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TEXT TO WORLD

QUESTIONING

VISUALIZING

PLOT/SEQUENCE/SUMMARY

CHARACTER TRAITS

SETTING

MAIN IDEA (NONFICTION)

CONTEXT CLUES

PREDICTIONS

DRAWING CONCLUSIONS/MAKING INFERENCES

FORESHADOWING

POINT OF VIEW

FACTION

DETERMINE IMPORTANCE

 

 

 

 

 

 

 

 

 

 

 

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. Barnes & Noble.com Welcome to our Reading Workshop pages. The following is a list of picture books that you can use to teach specific reading skills and strategies.

*Story Treasure: A tiny item that represents the story is given to each child to take home as a reminder when they retell the story to their parents.

READING SKILLS AND STRATEGIES WHAT IS IT AND WHY WE SHOULD TEACH IT PICTURE BOOK TITLES
Back to School Reading aloud picture books during the first days of school provides wonderful opportunities to build a classroom community; create a sense of wonder about reading and open doors to the writing process. Amber on the Mountain by Tony Johnston (reading /writing) *pencil

If You Were a Writer by Joan Lowry Nixon (writing process) *pencil

The Kissing Hand by Audrey Penn (missing home) *Hershey's Candy Kiss

Miss Nelson is Missing by Harry Allard (humor)

Thank you, Mr. Falker by Patricia Polacco (reading; relating to dyslexic students) *graham cracker with honey

Book by Ella George Lyons (reading) *book die cut or bookmark

First Day Jitters by Julie Dannenberg (humor; relating to students)

How I Spent My Summer Vacation by Mark Teague (a fun twist on "what did you do for summer vacation" stories)

Paired Texts This is a list of texts that compliment one another for teaching text to text connections and compare / contrast. It's important for students to make connections across various texts that go beyond a shallow level. Students should be able to compare and contrast characters feelings and actions, setting, theme, plots and information. State tests often ask questions that require students to make these comparisons. Ben's Dream by Chris Van Allsburg and Just a Dream by Chris Van Allsburg

Stellaluna by Janeel Cannon and Bats: Night Fliers by Betsy Maestro

Hoops by Robert Burleigh and Salt in His Shoes: Michael Jordan in Pursuit of a Dream by Deloris Jordan *small package of salt

Alexander and the Terrible, Horrible, No Good, Very Bad Day by Judith Viorst and Today Was a Terrible Day by Patricia Reilly Giff

Everybody Needs a Rock by Byrd Baylor and If You Find a Rock by Peggy Christian *small rock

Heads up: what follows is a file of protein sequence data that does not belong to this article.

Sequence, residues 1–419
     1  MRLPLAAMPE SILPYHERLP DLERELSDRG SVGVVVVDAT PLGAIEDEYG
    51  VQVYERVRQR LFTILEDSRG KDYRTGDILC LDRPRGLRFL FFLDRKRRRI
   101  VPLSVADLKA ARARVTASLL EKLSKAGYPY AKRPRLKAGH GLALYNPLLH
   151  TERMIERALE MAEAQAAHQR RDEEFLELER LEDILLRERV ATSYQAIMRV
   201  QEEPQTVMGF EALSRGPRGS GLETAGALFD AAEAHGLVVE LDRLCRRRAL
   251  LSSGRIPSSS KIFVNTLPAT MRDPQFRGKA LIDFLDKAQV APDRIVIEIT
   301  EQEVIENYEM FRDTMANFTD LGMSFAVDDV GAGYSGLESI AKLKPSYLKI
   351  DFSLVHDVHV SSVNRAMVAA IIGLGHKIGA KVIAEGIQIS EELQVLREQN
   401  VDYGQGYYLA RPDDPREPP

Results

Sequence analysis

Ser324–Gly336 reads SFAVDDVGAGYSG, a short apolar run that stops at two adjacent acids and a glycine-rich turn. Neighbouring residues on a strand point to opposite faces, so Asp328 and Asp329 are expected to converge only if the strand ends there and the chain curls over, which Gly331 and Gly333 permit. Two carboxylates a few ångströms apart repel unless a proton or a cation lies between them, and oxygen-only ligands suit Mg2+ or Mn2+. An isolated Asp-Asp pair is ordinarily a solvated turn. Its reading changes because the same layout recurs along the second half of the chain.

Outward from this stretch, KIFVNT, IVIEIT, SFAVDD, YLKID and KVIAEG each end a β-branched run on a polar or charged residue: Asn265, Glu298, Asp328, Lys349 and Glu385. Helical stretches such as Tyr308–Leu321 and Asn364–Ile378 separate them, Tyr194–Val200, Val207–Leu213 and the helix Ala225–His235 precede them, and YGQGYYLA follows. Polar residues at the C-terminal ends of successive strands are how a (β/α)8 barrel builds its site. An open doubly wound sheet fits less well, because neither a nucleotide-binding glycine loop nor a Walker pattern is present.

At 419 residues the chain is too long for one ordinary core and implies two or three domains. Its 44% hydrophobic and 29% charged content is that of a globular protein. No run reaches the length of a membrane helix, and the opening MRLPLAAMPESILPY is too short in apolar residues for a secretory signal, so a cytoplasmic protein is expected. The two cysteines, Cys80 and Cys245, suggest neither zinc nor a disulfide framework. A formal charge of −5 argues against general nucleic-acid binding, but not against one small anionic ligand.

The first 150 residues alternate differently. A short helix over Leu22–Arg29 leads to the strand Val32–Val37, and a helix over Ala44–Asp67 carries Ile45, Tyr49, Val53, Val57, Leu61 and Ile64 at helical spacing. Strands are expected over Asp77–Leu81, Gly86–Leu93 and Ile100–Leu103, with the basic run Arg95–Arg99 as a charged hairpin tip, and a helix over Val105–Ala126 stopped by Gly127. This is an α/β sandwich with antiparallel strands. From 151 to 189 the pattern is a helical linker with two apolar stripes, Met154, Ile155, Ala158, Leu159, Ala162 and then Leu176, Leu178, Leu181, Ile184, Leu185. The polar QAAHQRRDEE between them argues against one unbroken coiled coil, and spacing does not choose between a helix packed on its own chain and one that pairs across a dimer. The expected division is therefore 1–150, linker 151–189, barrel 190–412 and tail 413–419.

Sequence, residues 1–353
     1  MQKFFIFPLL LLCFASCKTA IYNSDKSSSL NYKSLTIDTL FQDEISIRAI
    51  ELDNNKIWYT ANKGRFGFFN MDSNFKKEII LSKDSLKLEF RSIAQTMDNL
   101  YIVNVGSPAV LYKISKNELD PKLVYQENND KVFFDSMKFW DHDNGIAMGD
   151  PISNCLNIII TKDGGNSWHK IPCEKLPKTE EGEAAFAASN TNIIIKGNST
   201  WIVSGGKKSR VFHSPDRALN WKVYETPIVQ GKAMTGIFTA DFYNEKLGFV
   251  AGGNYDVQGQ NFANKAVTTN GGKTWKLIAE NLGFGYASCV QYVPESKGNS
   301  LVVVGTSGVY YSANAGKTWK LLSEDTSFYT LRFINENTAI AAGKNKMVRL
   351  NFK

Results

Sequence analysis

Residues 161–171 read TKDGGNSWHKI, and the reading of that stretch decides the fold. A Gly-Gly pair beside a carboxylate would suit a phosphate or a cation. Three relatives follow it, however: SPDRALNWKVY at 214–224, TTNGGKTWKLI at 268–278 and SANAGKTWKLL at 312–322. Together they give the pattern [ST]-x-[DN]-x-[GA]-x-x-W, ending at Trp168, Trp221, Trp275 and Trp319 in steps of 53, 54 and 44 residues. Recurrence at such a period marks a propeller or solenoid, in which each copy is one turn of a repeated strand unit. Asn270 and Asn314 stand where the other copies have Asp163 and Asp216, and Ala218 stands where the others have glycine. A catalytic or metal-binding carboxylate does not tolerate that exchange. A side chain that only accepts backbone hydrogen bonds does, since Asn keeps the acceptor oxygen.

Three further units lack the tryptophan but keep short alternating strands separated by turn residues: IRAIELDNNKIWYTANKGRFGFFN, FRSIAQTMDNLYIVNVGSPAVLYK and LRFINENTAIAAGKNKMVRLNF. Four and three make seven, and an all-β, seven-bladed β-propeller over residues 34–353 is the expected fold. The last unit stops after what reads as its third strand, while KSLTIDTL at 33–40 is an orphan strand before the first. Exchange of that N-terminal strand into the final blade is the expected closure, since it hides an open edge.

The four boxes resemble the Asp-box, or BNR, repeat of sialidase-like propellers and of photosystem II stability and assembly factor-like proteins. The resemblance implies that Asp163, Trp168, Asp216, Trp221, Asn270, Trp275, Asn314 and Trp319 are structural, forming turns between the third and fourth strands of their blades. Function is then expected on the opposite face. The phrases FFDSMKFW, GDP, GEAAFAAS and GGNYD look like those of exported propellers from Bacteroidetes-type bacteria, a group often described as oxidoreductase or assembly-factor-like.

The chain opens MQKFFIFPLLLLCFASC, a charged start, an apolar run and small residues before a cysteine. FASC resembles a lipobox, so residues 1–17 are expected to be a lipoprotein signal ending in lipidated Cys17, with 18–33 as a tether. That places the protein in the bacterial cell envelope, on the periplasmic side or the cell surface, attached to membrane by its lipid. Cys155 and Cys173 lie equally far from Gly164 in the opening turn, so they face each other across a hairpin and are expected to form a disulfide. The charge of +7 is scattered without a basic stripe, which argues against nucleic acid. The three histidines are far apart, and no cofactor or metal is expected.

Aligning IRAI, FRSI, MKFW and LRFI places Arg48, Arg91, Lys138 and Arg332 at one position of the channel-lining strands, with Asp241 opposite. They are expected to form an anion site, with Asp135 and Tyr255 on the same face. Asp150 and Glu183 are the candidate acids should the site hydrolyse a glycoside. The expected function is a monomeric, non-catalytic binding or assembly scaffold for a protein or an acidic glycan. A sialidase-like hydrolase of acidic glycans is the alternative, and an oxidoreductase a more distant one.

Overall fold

Cause and Effect

The listed texts make provide you with plenty of cause and effect relationships to help students understand this important reading skill. The "cause" is "what happened" and the "effect" is "why it happened." A Bad Case of Stripes by David Shannon *small piece of striped cloth

If You Give a Mouse a Cookie by Laura Numeroff *cookie to eat and cookie cutter as a treasure

If You Give a Pig a Pancake by Laura Numeroof *silver dollar pancake

If You Take a Mouse to School by Laura Numeroff

If You Take a Mouse to the Movies by Laura Numeroff *movie ticket stub

The Day Jimmy's Boa Ate the Wash by Trinka Hakes Noble *small plastic snake

Cloudy with a Chance of Meatballs by Judi Barrett *cottonball

Pierre by Maurice Sendak

Sylvester and the Magic Pebble by William Steig *small red pebble

Text to Self Good readers make personal connections with the text throughout the reading. Good connections helps readers to use what they already know (prior knowledge; schema) to help them understand the text and create vivid mental images. Good readers use their connections to help make predictions throughout the reading of the text. Chrysanthemum by Kevin Henkes *small Chrysanthemum plastic flower

Mud Is Cake by Pam Munoz Ryan

The Relatives Came by Cynthia Rylant

Koala Lou by Mem Fox *koala sticker 

Text to World Good readers learn how to read deeper and more meaning when they make real-world connections to the text. Strong world connections deepens readers understanding of the text and helps them to become critical thinkers. Whoever We Are by Mem Fox

Smoky Night by Eve Bunting

Questioning Good readers think of questions before and during the reading. They ponder the unanswered questions after reading. Questioning gives readers a purpose for reading, helps them to make predictions, and helps them to become critical thinkers. The Great Kapok Tree by Lynne Cherry
Visualizing Good readers make pictures in their minds while reading. The pictures move like a movie and help bring the words to life in the mind of the reader. Making mental images is active versus passive and helps enrich the the text and supports understanding and meaning making. Miss Rumphius by Barbara Cooney